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dc.creatorDavies, Nicholas G.
dc.creatorKlepac, Petra
dc.creatorLiu, Yang
dc.creatorPrem, Kiesha
dc.creatorJit, Mark
dc.creatorEggo, Rosalind M.
dc.date.accessioned2020-07-17T15:35:18Z
dc.date.available2020-07-17T15:35:18Z
dc.date.created2020-06-16
dc.identifier.issn1546-170Xspa
dc.identifier.otherhttps://www.nature.com/articles/s41591-020-0962-9spa
dc.identifier.urihttp://hdl.handle.net/20.500.12010/10744
dc.format.extent22 páginasspa
dc.format.mimetypeapplication/pdfspa
dc.publisherScience Directeng
dc.sourcereponame:Expeditio Repositorio Institucional UJTLspa
dc.sourceinstname:Universidad de Bogotá Jorge Tadeo Lozanospa
dc.subjectCOVID-19spa
dc.titleAge-dependent effects in the transmission and control of COVID-19 epidemicsspa
dc.type.localArtículospa
dc.subject.lembSíndrome respiratorio agudo gravespa
dc.subject.lembCOVID-19spa
dc.subject.lembSARS-CoV-2spa
dc.subject.lembCoronavirusspa
dc.rights.accessrightsinfo:eu-repo/semantics/openAccessspa
dc.type.hasversioninfo:eu-repo/semantics/acceptedVersionspa
dc.subject.keywordCOVID-19spa
dc.identifier.doihttps://doi.org/10.1038/s41591-020-0962-9spa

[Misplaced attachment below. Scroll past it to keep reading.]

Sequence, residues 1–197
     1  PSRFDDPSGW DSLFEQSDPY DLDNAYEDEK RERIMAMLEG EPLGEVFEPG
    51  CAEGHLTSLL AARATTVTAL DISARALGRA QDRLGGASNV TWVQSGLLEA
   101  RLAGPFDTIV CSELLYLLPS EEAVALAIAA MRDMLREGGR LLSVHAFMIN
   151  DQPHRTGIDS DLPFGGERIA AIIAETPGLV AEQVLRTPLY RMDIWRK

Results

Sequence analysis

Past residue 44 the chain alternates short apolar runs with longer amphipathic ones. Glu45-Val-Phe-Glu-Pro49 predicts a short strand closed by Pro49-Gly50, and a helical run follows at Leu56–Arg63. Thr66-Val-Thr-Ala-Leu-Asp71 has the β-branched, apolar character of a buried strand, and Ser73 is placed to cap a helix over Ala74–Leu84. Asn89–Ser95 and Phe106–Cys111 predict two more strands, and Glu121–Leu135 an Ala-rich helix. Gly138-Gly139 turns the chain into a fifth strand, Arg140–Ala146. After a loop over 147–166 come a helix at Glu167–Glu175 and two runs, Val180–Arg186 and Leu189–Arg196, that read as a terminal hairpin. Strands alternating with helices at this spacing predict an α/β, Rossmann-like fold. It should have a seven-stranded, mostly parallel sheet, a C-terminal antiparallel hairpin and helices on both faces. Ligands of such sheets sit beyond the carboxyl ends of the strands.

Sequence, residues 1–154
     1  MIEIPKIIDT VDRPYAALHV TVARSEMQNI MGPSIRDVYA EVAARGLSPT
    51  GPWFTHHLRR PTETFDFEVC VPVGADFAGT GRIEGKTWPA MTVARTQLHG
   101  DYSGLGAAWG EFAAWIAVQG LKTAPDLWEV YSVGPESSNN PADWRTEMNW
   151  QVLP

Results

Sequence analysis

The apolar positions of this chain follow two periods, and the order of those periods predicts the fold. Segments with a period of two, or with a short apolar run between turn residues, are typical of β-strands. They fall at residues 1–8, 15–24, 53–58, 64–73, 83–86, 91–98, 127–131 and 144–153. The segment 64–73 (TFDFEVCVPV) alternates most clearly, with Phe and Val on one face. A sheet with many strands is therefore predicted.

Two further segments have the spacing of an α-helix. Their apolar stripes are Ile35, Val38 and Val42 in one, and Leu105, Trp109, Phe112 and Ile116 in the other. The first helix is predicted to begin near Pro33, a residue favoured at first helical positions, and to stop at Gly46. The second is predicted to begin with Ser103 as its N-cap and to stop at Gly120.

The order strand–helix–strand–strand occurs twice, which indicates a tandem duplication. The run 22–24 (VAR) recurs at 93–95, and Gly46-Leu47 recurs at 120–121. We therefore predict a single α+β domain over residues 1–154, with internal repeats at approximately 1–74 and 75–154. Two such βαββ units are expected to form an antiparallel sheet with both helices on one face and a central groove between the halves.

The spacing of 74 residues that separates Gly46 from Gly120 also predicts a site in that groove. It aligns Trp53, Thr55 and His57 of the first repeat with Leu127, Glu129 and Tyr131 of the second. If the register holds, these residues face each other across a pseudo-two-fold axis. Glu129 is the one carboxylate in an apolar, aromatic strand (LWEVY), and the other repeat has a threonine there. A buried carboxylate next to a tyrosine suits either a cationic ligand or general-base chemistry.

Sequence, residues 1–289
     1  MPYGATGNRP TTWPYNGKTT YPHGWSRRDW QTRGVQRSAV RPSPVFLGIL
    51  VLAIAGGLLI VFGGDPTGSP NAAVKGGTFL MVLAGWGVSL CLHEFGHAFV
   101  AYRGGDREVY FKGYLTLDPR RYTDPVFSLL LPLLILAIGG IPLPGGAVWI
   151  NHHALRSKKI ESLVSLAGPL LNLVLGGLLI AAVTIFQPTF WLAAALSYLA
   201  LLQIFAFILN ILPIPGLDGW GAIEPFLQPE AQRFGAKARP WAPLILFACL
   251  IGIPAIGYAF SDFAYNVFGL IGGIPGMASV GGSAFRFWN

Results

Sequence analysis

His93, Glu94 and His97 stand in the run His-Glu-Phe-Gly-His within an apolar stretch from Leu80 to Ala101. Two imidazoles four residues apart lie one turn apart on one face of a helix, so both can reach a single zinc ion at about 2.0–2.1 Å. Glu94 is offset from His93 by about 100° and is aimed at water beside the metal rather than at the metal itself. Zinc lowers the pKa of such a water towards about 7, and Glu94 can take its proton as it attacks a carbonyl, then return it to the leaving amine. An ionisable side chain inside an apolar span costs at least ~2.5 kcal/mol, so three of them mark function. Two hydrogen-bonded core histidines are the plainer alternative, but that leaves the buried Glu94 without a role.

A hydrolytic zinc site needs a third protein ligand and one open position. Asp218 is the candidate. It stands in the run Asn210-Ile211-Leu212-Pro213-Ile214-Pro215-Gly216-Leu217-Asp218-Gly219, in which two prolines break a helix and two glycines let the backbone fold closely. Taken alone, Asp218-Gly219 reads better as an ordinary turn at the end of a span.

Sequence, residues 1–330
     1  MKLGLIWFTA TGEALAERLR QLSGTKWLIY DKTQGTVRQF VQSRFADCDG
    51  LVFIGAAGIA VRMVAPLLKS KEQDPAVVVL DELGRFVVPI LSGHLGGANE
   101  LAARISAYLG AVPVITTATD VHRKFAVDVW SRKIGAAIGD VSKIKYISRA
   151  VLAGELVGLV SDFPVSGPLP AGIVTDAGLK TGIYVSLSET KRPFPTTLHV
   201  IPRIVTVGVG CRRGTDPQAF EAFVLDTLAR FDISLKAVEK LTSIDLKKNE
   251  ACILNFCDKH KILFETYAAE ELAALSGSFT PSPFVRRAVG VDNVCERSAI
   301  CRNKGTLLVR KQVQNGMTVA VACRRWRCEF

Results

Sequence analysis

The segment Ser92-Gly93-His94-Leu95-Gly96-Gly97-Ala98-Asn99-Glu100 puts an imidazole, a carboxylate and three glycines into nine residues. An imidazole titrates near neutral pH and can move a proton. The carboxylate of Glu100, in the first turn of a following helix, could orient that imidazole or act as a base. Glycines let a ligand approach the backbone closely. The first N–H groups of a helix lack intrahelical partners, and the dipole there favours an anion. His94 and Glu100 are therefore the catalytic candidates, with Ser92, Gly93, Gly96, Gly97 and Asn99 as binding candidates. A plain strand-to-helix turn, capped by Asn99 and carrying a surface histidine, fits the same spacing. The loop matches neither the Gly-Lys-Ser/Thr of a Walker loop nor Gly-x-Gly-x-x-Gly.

dc.description.abstractenglishThe COVID-19 pandemic has shown a markedly low proportion of cases among children1,2,3,4. Age disparities in observed cases could be explained by children having lower susceptibility to infection, lower propensity to show clinical symptoms or both. We evaluate these possibilities by fitting an age-structured mathematical model to epidemic data from China, Italy, Japan, Singapore, Canada and South Korea. We estimate that susceptibility to infection in individuals under 20 years of age is approximately half that of adults aged over 20 years, and that clinical symptoms manifest in 21% (95% credible interval: 12–31%) of infections in 10- to 19-year-olds, rising to 69% (57–82%) of infections in people aged over 70 years. Accordingly, we find that interventions aimed at children might have a relatively small impact on reducing SARS-CoV-2 transmission, particularly if the transmissibility of subclinical infections is low. Our age-specific clinical fraction and susceptibility estimates have implications for the expected global burden of COVID-19, as a result of demographic differences across settings. In countries with younger population structures—such as many low-income countries—the expected per capita incidence of clinical cases would be lower than in countries with older population structures, although it is likely that comorbidities in low-income countries will also influence disease severity. Without effective control measures, regions with relatively older populations could see disproportionally more cases of COVID-19, particularly in the later stages of an unmitigated epidemic.spa


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